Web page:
Another unexpected journey my shoes took me on, was to the town of Vigevano – a stunning historical and architectural town outside of Milan. In the town center is the Museo internazionale della calzatura – the International footwear museum.
Vigevano has been the shoe capital of Italy for almost 150 years, and my factory's owner inherited the factory from his father, who opened the factory 70 years ago. Everybody in the factory is a craftsman more than a factory worker. Their processes are surprisingly handmade, as opposed to the less sensitive machines that are popular elsewhere. The Rifilacode has been trimming shoes by hand for years. The Orlatrice cuts, folds, and sew our intricate folds by hand with speed, precision, and grace.
Maybe not surprisingly, the workers are happy. They practice their passion and craft every day. And they feel a sense of pride for their precision and artistry.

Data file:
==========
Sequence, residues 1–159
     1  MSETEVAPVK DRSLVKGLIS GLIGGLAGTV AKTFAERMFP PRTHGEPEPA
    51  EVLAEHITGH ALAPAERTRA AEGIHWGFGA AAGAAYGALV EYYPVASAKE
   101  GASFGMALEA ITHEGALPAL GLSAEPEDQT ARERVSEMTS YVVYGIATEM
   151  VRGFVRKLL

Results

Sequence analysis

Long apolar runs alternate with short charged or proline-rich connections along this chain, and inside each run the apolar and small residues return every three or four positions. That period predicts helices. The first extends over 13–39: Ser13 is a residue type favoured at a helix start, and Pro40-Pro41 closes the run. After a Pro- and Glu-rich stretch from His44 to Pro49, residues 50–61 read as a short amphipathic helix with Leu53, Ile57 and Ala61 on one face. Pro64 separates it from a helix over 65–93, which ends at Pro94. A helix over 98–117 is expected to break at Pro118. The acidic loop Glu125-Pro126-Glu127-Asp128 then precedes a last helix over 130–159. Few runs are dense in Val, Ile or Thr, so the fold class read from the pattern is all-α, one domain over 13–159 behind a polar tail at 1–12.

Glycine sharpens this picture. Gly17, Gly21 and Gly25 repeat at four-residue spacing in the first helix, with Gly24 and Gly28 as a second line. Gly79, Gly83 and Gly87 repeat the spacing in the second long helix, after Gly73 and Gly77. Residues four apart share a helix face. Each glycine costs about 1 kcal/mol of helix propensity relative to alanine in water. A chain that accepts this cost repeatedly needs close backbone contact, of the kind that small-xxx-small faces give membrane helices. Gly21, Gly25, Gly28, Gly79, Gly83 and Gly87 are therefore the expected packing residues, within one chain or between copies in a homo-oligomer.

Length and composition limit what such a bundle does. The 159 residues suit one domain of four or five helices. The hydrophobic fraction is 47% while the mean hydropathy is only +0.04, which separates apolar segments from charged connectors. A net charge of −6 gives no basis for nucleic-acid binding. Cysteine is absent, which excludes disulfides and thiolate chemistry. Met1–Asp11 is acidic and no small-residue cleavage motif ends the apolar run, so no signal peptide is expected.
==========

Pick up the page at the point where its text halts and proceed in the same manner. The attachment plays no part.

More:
Italian factories favor quality over quantity. They are engaged and invested in the success of the shoes they make. Because of this, being able to have your shoes made there is a testimony of design. So it's lovely to be able to put that stamp on Chris Donovan shoes. But after my experience in Vigevano, I am delighted to say that Chris Donovan shoes are pieces of art. They are made with passion and pride by artisans who have shoemaking in their blood, who have breathed life, beauty, and artistry into the objects you hold in your hands.
Established luxury footwear factories don't usually work with new designers. And if I haven't met Richard and Shao-wei from Arise.S Consultancy, these shoes would not be the pieces of art they are today. I owe them a huge debt of gratitude.
Richard and Shao-wei, thank you for your expertise, passion, and patience.